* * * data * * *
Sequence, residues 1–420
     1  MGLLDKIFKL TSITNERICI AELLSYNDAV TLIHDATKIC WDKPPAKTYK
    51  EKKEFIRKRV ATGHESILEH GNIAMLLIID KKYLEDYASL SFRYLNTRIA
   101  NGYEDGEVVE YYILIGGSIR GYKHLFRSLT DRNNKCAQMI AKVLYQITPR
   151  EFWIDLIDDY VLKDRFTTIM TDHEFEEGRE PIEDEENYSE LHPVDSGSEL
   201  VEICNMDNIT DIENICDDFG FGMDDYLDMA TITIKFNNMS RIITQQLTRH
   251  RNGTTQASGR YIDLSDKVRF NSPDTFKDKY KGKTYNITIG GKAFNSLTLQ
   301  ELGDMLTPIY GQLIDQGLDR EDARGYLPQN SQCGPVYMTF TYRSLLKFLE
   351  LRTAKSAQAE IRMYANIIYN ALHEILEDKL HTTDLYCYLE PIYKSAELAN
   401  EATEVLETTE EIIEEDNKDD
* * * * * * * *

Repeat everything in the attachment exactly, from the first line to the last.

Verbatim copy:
Sequence, residues 1–420
     1  MGLLDKIFKL TSITNERICI AELLSYNDAV TLIHDATKIC WDKPPAKTYK
    51  EKKEFIRKRV ATGHESILEH GNIAMLLIID KKYLEDYASL SFRYLNTRIA
   101  NGYEDGEVVE YYILIGGSIR GYKHLFRSLT DRNNKCAQMI AKVLYQITPR
   151  EFWIDLIDDY VLKDRFTTIM TDHEFEEGRE PIEDEENYSE LHPVDSGSEL
   201  VEICNMDNIT DIENICDDFG FGMDDYLDMA TITIKFNNMS RIITQQLTRH
   251  RNGTTQASGR YIDLSDKVRF NSPDTFKDKY KGKTYNITIG GKAFNSLTLQ
   301  ELGDMLTPIY GQLIDQGLDR EDARGYLPQN SQCGPVYMTF TYRSLLKFLE
   351  LRTAKSAQAE IRMYANIIYN ALHEILEDKL HTTDLYCYLE PIYKSAELAN
   401  EATEVLETTE EIIEEDNKDD